Westwood ton puts Warwickshire on top
Warwickshire 398 for 7 v Somerset 262
Elegant isn't normally a word you associate with Ian Westwood. He is a batsman with many qualities: determination, certainly; bravery, absolutely; grim determination, frequently. But elegant is not a description that springs to mind.
Here, however, on the second day of Warwickshire's Championship match against Somerset, Westwood produced an innings that could only be described as elegant. His confidence boosted by a couple of three-figure scores in second XI cricket, Westwood timed the ball unusually crisply and produced a series of resounding cuts and pulls that would have delighted any batsman.
It was an important innings, too. Westwood has already played a key role in earning Warwickshire a substantial first-innings lead in the match and given his side an excellent opportunity to revive a season that director of cricket, Ashley Giles, admitted was "at a crossroads".
In partnership with Varun Chopra, Westwood posted 202 for Warwickshire's first wicket. It represents the club's highest opening stand in first-class cricket and the first time Warwickshire have recorded a double-century first-wicket partnership since 2000. Warwickshire's lead is already worth 136 and they have established an excellent platform from which to push for victory over the final half of the game.
Westwood also needed this performance from a personal perspective. He had not scored a Championship century since September 2009 and, since relinquishing the captaincy at the end of last year, has struggled to justify his place in the side in any form of the game. This was his first score of more than 50 this season.
It cannot have been an easy time for him. At the end of last season, when he had dropped himself from the limited-overs team, Westwood was relegated to the role of spectator as Ian Bell captained Warwickshire to victory in the CB40 Trophy at Lord's.
Here, however, he was untroubled against the seamers and dealt with the left-arm spin of Murali Kartik with calm and composure. The only semblance of a chance he offered came when he was on 99 and Chopra sent him back as the pair considered a quick single. Had Lewis Gregory's throw from cover hit the stumps, Westwood would have been denied his ninth first-class century and his sixth in the championship.
He's probably never played better. Steve Kirby, as deserving a fast bowler as you could find in England, was reduced to howls of anguish as Westwood cut him to ribbons and pulled him to distraction. Only 17 of Westwood's 129 runs came in the V from mid-off to mid-on. Chopra, meanwhile, leant into a series of languid cover drives that bore the hallmark of real class.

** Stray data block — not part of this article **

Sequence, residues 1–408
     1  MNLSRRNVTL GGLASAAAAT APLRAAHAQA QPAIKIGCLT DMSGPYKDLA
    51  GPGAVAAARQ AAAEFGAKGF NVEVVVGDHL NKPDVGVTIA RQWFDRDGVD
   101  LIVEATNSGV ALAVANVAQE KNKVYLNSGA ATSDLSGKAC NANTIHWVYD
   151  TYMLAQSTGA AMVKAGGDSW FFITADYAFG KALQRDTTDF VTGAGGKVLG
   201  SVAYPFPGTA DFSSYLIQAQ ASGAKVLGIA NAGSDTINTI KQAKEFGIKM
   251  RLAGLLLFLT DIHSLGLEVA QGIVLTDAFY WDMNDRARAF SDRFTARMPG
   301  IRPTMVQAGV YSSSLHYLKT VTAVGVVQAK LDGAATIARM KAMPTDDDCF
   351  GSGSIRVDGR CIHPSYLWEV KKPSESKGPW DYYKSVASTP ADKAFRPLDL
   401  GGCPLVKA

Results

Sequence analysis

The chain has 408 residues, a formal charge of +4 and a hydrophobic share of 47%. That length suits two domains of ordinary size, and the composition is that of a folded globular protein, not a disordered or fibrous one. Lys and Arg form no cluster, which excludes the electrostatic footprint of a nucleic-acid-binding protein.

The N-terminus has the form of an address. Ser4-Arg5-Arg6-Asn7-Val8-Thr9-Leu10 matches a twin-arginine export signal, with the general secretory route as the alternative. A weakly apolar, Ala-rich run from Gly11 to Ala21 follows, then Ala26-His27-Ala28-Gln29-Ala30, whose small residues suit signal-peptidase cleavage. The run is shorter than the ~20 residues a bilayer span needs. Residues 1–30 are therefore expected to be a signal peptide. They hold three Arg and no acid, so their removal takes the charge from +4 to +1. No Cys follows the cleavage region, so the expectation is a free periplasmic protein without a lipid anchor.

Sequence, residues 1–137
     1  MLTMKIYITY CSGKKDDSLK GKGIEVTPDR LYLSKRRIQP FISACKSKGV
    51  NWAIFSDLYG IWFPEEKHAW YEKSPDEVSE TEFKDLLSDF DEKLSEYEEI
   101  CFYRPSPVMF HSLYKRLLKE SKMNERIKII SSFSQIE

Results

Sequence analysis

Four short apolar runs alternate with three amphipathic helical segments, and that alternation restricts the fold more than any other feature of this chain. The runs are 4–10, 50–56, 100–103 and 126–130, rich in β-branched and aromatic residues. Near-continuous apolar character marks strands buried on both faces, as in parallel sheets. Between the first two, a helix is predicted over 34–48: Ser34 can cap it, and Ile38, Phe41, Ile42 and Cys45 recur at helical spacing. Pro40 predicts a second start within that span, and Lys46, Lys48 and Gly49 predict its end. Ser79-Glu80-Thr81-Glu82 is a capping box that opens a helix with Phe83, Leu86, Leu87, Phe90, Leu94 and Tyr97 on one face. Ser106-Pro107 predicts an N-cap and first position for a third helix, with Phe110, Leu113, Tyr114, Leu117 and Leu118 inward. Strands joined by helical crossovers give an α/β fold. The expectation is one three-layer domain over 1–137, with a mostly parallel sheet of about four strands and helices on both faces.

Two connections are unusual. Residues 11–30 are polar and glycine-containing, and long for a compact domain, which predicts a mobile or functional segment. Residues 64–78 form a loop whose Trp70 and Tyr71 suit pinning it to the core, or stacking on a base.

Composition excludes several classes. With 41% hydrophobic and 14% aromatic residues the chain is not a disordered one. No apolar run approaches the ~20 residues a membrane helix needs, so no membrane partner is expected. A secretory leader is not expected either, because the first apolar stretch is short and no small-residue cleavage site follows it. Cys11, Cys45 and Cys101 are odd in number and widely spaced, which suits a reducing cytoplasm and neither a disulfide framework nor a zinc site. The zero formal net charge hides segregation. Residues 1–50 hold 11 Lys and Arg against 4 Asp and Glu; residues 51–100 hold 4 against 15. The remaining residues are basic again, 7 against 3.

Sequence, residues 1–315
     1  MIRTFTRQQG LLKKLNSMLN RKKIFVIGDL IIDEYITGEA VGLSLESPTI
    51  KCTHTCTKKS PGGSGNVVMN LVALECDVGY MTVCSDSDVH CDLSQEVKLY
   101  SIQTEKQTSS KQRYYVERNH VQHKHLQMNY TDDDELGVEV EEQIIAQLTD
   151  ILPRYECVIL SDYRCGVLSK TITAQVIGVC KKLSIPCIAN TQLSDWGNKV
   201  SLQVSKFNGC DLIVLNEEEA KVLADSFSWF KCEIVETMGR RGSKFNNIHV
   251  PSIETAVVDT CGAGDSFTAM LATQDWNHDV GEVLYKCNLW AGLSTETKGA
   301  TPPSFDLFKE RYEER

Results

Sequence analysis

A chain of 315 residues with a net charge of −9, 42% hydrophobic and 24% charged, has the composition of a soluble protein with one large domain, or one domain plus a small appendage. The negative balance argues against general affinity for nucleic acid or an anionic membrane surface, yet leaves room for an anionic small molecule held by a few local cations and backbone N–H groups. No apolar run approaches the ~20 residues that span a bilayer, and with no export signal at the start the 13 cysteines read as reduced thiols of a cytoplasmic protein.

Though Chopra finally fell, playing across a straight one, and a weary Westwood was stumped as he advanced down the pitch and missed, William Porterfield consolidated the host's position with his third Championship half-century of the season.
Perhaps Somerset squandered their slim chance to fight their way back into the game. Porterfield was missed three times before he had reached 30, with Kartik dropping a straightforward chance off Arul Suppian when the batsman had 23.
Craig Kieswetter also put down a tricky chance. Before Porterfield had scored, he edged one from Kartik which the recently recalled England keeper could not clasp. It wasn't the easiest chance, but it does resurrect the question of whether Kieswetter - for all his raw talent - is quite ready for international cricket.
Warwickshire lost Jim Troughton - enduring a bit of a grim run of form - while Somerset also claimed the wickets of Rikki Clarke, who missed a sweep, and Darren Maddy, who edged one that left him, right before the close. But, while such strikes will have lifted Somerset spirits, they will know that the damage was long since inflicted. They face an uphill fight to clamber their way back into this game.
Somerset's seamers stuck to their task pretty well. Kirby was, as ever, whole-hearted, while Charl Willoughby claimed the 800th first-class wicket of his career when Tim Ambrose edged a loose drive.
Maybe Kartik was not quite at his best. He found some turn, but his line wasn't as tight as we have come to expect and it took him some time to find his rhythm. Perhaps that is not surprising: he hasn't played a first-class game since mid-January.
Meanwhile it was announced that Kieswetter and Warwickshire's Chris Woakes will be pulled out of this game after the third day to report for England duty.